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Check Valves

Check valves are two-port valves, meaning they have two openings in the body, one for fluid to enter and the other for fluid to leave. There are various types of check valves used in a wide variety of applications. Check valves are often part of common household items. Although they are available in a wide range of sizes and costs, check valves generally are very small, simple, and/or inexpensive. Check valves work automatically and most are not controlled by a person or any external control; accordingly, most do not have any valve handle or stem.

An important concept in check valves is the cracking pressure which is the minimum upstream pressure at which the valve will operate. Typically the check valve is designed for a specific cracking pressure.

A ball check valve is a check valve in which the closing member, the movable part to block the flow, is a spherical ball. In some ball check valves, the ball is spring-loaded to help keep it shut. For those designs without a spring, reverse flow is required to move the ball toward the seat and create a seal. The interior surface of the main seats of ball check valves are more or less conically-tapered to guide the ball into the seat and form a positive seal when stopping reverse flow.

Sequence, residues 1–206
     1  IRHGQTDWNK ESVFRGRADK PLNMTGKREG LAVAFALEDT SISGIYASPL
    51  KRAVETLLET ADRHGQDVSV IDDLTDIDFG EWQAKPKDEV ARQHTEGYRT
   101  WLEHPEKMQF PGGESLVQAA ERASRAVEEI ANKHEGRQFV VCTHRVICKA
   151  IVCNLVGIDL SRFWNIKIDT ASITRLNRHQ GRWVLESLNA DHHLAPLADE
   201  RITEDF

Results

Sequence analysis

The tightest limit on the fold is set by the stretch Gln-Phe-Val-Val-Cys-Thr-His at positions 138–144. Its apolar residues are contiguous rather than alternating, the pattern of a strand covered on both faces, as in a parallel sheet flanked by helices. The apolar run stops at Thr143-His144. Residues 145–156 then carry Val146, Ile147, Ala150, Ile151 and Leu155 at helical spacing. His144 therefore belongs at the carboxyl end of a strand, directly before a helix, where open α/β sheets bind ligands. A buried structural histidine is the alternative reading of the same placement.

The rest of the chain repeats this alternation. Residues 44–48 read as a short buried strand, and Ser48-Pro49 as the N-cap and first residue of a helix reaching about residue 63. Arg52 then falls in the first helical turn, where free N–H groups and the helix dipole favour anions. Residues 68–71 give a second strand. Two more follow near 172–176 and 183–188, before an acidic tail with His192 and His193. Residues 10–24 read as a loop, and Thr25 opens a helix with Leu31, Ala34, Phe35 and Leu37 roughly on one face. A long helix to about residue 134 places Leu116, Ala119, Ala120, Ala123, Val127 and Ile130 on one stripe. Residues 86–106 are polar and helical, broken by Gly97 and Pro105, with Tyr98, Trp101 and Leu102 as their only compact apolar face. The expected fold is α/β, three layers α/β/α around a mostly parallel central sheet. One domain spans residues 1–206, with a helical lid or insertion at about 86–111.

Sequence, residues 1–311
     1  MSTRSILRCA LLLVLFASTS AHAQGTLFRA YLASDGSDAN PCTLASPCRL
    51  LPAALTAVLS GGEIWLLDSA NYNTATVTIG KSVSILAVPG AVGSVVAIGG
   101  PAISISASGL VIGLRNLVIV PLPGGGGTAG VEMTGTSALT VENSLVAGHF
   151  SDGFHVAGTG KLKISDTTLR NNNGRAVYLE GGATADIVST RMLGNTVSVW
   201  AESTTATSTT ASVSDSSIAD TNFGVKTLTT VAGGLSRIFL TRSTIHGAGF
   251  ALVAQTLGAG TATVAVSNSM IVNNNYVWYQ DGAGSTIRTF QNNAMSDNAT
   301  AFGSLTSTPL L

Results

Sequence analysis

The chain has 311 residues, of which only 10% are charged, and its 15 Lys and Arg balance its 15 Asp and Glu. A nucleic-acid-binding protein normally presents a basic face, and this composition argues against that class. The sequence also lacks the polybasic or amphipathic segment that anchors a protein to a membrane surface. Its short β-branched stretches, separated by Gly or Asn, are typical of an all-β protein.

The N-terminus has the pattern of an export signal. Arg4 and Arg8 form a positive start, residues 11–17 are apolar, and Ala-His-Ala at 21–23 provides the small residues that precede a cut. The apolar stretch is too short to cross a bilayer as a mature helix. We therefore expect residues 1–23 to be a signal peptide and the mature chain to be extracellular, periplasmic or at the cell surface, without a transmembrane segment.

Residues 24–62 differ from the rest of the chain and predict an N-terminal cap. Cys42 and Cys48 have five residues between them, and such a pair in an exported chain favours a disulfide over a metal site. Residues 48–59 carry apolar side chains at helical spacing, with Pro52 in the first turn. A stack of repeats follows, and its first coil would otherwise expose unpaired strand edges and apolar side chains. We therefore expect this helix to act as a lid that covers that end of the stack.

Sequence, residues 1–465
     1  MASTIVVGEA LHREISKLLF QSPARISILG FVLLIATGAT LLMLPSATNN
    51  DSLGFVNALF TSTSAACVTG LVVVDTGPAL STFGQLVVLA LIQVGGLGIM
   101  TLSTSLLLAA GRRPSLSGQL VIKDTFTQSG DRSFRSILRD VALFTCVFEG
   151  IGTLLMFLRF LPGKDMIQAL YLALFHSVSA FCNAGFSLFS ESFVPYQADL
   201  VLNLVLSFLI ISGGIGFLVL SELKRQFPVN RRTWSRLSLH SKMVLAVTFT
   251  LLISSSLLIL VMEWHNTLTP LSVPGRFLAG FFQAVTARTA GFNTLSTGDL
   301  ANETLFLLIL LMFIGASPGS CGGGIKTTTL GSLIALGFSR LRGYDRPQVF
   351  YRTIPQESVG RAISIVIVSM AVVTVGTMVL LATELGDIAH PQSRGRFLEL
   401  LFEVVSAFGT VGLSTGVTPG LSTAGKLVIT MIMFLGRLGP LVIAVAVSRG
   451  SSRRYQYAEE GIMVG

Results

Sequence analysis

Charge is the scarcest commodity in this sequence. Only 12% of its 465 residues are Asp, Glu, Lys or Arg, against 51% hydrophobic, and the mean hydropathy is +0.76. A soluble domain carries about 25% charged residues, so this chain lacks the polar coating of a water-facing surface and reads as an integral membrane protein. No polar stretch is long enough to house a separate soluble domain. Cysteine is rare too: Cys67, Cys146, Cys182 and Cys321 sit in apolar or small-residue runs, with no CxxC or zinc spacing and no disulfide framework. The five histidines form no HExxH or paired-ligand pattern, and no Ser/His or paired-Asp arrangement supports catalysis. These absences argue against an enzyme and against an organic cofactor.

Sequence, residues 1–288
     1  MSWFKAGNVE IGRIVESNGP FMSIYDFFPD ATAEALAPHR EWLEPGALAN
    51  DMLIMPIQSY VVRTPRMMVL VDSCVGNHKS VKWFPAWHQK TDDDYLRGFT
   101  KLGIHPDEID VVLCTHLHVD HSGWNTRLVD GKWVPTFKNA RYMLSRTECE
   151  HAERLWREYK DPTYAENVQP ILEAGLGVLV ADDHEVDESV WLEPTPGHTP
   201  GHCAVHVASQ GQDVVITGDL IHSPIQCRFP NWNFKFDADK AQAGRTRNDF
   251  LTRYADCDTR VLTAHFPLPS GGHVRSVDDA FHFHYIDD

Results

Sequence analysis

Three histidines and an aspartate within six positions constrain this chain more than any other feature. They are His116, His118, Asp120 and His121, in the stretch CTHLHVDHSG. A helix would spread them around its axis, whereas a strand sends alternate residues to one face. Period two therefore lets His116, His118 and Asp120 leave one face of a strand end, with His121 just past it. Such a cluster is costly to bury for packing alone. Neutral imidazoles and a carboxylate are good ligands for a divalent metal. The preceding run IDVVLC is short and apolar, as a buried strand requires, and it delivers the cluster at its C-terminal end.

Ball check valves are often very small, simple, and cheap. They are commonly used in liquid or gel mini-pump dispenser spigots, spray devices, some rubber bulbs for pumping air, etc., manual air pumps and some other pumps and refillable dispensing syringes.

A diaphragm check valve uses a flexing rubber diaphragm positioned to create a normally-closed valve. Pressure on the upstream side must be greater than the pressure on the downstream side by a certain amount (pressure differential) for the check valve to open allowing flow. Once positive pressure stops, the diaphragm automatically flexes back to its original closed position. A swing check valve or tilting disc check valve is a check valve in which the disc, the movable part to block the flow, swings on a hinge or trunnion, either onto the seat to block reverse flow or off the seat to allow forward flow. The seat opening cross-section may be perpendicular to the center line between the two ports or at an angle. Although swing check valves can come in various sizes, large check valves are often swing check valves.

A stop-check valve is a check valve with override control to stop flow regardless of flow direction or pressure. In addition to closing in response to back-flow or insufficient forward pressure (normal check-valve behavior), it can also be deliberately shut by an external mechanism, thereby preventing any flow regardless of forward pressure.

A lift-check valve is a check valve in which the disc, sometimes called a lift, can be lifted up off its seat by higher pressure of inlet or upstream fluid to allow flow to the outlet or downstream side. A guide keeps motion of the disc on a vertical line, so the valve can later reseat properly. When the pressure is no longer higher, gravity or higher downstream pressure will cause the disc to lower onto its seat, shutting the valve to stop reverse flow


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Valve Tip:
Actuators are used to automate the on/off process of a valve; they work either through hydraulic (liquids), pneumatic (air) or electricity.